The authors, incidentally, also have very little emotional reaction to Lovaas’s use of a cattle prod, or to the later development of the SIBIS system, which used electrical shocks as a response to self-injurious headbanging.  They imply that electrical shocks are vanishingly rare in ABA programs, but they fail to mention that the Judge Rotenberg Center, among other places, still uses them – and that there is no evidence that they help anyone and a great deal of evidence that they harm.

Again, the authors utterly fail to connect the “past” to the present, implying that the “bad old days” are over when in fact they still lurk in the options presented to exactly the sort of unwary parent who would pick up this book.

This problem is so pervasive that it’s hard to get too worked up over this section’s other major flaw of note, which is that whenever the authors cannot find a clear “winner” to champion in a historical story, their otherwise brilliantly nuanced grasp of pathos deflates like a cheap balloon.

Halfway through Part IV, the authors talk about the work of Eric Schopler as a way to demonstrate the kind of pushback Lovaas was getting.  But, since they cannot cast either Lovaas or Schopler as the clear “anti-parent” party, the story simply falls flat.  It’s incredibly dry, and its dryness is incredibly obvious when compared to the heart-wrenching section on filicide or the vivid depictions of twentieth-century mental institutions.  Without a parental audiences’ heartstrings to tug, the authors have little command of their material and even less understanding of it.  Which is a shame, because the Schopler-Bettelheim and Schopler-Lovaas confrontations were entertaining in their own right.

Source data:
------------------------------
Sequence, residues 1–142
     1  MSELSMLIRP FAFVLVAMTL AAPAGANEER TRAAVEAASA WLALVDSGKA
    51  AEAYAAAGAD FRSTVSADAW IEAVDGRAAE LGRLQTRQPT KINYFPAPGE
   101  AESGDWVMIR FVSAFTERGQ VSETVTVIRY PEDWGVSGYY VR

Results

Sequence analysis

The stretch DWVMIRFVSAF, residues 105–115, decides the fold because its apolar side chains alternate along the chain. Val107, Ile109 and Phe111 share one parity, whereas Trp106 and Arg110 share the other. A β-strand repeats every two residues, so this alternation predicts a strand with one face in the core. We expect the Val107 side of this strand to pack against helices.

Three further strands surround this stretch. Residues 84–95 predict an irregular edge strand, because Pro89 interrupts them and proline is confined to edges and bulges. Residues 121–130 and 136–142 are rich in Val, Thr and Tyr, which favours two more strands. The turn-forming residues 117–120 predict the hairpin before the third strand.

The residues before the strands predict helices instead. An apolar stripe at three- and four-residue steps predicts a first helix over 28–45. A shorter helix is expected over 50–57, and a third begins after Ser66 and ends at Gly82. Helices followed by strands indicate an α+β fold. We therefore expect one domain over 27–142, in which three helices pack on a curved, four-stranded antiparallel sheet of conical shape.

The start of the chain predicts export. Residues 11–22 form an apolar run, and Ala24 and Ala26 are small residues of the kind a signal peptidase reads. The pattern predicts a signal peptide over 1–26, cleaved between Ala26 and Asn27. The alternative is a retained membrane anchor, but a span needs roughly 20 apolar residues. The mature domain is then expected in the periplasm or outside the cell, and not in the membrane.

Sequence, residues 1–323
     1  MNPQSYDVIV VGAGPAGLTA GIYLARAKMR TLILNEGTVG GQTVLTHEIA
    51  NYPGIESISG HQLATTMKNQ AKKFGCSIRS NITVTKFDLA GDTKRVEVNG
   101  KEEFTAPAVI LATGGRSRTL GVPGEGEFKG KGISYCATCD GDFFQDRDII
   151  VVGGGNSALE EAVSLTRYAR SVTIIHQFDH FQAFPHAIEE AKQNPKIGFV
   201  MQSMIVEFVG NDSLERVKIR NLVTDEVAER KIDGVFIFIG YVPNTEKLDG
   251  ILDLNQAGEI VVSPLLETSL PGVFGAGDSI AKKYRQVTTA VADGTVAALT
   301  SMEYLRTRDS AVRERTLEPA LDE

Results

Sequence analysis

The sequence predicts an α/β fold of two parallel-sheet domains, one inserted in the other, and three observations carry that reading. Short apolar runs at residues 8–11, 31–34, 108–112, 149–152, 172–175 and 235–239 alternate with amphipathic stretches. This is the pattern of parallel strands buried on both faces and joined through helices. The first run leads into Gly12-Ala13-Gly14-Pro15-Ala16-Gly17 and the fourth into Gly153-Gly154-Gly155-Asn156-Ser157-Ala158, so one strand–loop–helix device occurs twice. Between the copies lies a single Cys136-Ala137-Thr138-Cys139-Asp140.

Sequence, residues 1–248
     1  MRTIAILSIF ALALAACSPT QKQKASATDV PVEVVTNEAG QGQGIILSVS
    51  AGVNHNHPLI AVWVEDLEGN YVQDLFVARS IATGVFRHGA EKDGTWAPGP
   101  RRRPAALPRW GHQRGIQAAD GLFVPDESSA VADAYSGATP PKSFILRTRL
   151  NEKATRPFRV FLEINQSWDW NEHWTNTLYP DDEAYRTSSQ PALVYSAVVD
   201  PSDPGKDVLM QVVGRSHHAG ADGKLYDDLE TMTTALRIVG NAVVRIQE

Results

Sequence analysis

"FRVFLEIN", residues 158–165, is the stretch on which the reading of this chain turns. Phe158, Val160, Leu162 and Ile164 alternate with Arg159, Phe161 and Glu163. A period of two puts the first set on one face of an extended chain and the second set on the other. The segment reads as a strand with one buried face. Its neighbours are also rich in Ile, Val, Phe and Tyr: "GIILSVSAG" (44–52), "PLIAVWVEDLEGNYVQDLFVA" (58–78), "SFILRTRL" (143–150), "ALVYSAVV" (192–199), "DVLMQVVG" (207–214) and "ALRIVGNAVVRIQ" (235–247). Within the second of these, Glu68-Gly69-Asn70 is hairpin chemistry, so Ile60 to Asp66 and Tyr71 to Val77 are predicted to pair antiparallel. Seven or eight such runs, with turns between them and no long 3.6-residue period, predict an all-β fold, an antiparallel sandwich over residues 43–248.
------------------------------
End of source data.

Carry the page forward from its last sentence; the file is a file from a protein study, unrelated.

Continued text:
6 thoughts on “AutAc Reads IADK, Part 4: Part IV

  1. When it comes to ABA and other operant conditioning methods of “training” autistic people, as well as dogs and other animals, it is, shall we say, interesting to note that when scientists who research these methods praise them in academic circles, there is a lot of talk about how to make those methods “more effective” and “more powerful”, and zero talk about how to make those methods more humane or less psychologically damaging to the individuals subjected to those methods (and I say individuals because some of them are nonhuman animals.) Hmmm.

    Also, it is interesting to note that in an interview, Lovaas once talked about how ABA would one day lead to a society where each person’s actions were controlled by other individuals equal to them. Funny, but it sure as hell seems to me that safe spaces within the blogosphere, including pro-neurodiversity ones like this one, are a hell of a lot more effective at doing that than ABA would be, and a LOT more humane as well. And no, it is not perfect, but comment policies and moderators do do that, and anyone who uses this insight of mine as a way of defending ABA can take that defense and shove it right up their royal behind, because comment policies do NOT equal ABA any more than salaries and other such examples do; the only non-scientific methods that resemble ABA in any appreciable manner are military training, slave training, prison training, and old-fashioned animal “taming” techniques used in nineteenth-century circuses (which is basically an operant learning system), and we all know how appropriate those methods are for babies (which is to say not).